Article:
Genetic analysis reveals family history of Britain's 'rarity of 2020'


Announced in January's edition of British Birds, genetic analysis has revealed that 'Vigo', the wide-ranging Bearded Vulture seen in a number of British counties between June and October 2020, was the offspring of a pair of vultures consisting of a wild-born male and a captive-bred female.

Genetic analysis was conducted in Switzerland on two feathers collected on 30 August from a rocky outcrop north of Crowden, in the Peak District, by Yorkshire birder David Ball. Two genotypes obtained from the feathers were compared with existing genotypes held in the International Bearded Vulture Monitoring (IBM) database, with both demonstrating a 100% match with genotype GT0169, obtained from a feather collected below the nest of the 'Bargy BIS' breeding pair on 10 July 2019.

An extensive genetic databank is held by the Vulture Conservation Foundation (VCF), with an impressive 640 genotypes currently stored, consisting of 200 captive birds, 249 captive-bred birds released to the wild, 137 birds hatched in the Alps, 40 Corsican individuals, and 14 individuals from the Pyrenees. Targeted searches below nest sites are used to monitor the wild population and acquire genetic material from wild-fledged birds, while blood samples are collected from captive individuals.

After five months on British shores, the Bearded Vulture left out to sea at Beachy Head, East Sussex, on 15 October (Adam Huttly).

This analysis confirmed that the feathers found in Derbyshire belonged to 'Flysch', a young female that fledged on 6 July 2019 from the 'Bargy BIS' territory, located in the Bargy Massif area of the North-West Alps, in the Haute-Savoie region of France. Her father is a wild-born male, known by the code GT0099, that fledged from a nest approximately 250 m from the 'Bargy BIS' territory, while her mother is a captive-bred individual known as 'Zufall', reared in Switzerland's La Garenne Zoo and released as a fledgling in 2006 in Martell, Italy. The parents of the male parent were both captive-bred birds, the female being released in 1988 and the male released in 1989. This pair have occupied the territory since 2016 and reared a chick in 2017, 2018 and 2019, although 2020's youngster unfortunately died at approximately 30 days old.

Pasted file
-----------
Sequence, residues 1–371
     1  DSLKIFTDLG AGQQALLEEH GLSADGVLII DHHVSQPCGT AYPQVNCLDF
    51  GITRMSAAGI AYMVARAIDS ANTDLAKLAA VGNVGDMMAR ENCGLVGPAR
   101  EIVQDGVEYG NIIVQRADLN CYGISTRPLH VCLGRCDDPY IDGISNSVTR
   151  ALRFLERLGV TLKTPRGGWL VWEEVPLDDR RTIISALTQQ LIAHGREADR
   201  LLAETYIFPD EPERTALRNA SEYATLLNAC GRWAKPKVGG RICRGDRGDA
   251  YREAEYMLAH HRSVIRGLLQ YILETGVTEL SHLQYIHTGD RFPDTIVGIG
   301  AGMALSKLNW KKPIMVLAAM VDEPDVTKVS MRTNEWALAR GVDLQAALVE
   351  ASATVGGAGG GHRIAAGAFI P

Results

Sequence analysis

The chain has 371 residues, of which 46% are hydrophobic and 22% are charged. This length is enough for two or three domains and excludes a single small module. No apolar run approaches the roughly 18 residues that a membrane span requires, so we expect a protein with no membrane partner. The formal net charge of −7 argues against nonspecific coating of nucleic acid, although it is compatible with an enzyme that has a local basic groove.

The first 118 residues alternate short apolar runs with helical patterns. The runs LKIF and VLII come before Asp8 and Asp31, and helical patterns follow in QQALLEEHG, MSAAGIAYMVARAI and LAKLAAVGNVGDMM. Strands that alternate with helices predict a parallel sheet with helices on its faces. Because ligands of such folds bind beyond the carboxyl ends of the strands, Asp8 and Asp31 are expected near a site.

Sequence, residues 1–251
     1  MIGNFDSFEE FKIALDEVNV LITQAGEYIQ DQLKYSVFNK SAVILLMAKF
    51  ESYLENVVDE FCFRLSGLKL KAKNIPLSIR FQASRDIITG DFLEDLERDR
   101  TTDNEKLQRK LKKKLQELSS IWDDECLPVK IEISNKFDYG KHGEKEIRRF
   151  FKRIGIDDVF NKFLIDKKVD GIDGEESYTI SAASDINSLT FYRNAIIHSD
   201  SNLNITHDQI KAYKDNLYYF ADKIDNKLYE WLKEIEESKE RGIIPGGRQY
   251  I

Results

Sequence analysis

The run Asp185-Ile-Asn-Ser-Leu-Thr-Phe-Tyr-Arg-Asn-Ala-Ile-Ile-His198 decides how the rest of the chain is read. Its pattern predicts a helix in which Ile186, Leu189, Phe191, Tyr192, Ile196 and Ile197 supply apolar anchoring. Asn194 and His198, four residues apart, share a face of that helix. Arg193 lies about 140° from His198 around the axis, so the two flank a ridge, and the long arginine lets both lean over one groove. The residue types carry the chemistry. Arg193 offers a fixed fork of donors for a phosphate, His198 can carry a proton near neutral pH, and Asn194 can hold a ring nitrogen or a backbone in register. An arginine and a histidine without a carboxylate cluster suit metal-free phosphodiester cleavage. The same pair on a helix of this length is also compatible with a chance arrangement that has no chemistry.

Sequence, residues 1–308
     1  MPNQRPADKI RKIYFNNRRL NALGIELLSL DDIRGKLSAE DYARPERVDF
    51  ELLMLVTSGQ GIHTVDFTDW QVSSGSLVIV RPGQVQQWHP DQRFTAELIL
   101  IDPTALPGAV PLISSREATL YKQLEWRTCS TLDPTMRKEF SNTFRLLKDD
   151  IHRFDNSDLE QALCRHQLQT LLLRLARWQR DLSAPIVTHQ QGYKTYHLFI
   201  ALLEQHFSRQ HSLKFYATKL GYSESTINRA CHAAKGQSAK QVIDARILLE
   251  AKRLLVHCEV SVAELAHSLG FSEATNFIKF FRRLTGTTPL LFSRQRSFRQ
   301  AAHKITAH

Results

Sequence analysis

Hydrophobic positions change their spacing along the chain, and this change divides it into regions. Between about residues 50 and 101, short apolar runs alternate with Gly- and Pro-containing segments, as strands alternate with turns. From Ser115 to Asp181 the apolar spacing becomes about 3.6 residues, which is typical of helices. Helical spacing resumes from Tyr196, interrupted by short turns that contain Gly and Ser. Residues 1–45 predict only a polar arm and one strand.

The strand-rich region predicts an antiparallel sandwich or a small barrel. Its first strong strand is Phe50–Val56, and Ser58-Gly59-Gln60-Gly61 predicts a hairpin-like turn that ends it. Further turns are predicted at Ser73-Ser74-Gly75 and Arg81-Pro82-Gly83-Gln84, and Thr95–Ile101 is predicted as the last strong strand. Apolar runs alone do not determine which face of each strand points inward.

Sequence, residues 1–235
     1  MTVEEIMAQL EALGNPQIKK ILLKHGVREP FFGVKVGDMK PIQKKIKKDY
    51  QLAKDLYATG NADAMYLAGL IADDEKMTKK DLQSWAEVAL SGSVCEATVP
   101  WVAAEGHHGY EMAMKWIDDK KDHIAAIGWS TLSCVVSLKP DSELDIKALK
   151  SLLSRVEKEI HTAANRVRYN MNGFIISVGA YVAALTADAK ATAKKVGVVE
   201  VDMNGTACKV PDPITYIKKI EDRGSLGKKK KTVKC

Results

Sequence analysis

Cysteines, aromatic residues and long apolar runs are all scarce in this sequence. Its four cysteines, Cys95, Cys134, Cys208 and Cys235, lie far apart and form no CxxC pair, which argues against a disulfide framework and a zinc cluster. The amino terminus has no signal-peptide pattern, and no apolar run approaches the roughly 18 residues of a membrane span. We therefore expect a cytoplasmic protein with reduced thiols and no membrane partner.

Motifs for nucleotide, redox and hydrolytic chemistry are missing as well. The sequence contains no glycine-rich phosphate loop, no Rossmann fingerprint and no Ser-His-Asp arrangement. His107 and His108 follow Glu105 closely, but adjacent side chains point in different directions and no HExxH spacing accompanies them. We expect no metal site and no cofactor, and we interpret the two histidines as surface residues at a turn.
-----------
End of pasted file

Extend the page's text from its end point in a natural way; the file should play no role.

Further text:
Although the increasing frequency of Bearded Vultures in northern Europe reflects the successful recovery of populations in the Alps and Pyrenees, these long-distance excursions may pose increased risks to the birds. For example, flying conditions in lowland areas are usually less favourable and more energetically expensive than in mountains, where thermals and orographic lift are more suitable for soaring and gliding flight. Furthermore, levels of human activity and infrastructure density are generally higher in lowland areas at higher latitudes and have been linked to lower survival rates in vultures owing to, for example, increased risk of collisions with power lines, reduced feeding opportunities and higher risk of food contamination.

Despite the odds seemingly set against her, Vigo – or Flysch – spent five months touring the English countryside after she was first seen by Lucy Burrell in the West Midlands in June, lingering in the Peak District for most of the summer and then loitering at sea level in The Fens for several days in early October, before finally moving south to Beachy Head, East Sussex, where she left out to sea on 15th. She was seen by many thousands of birders and members of the public alike in that time, and was nominated as Rarity of the Year in the Birdwatch and BirdGuides Birders' Choice Awards (see the January issue) as well as recently voted 'Rarity of the Year 2020' in a Twitter poll.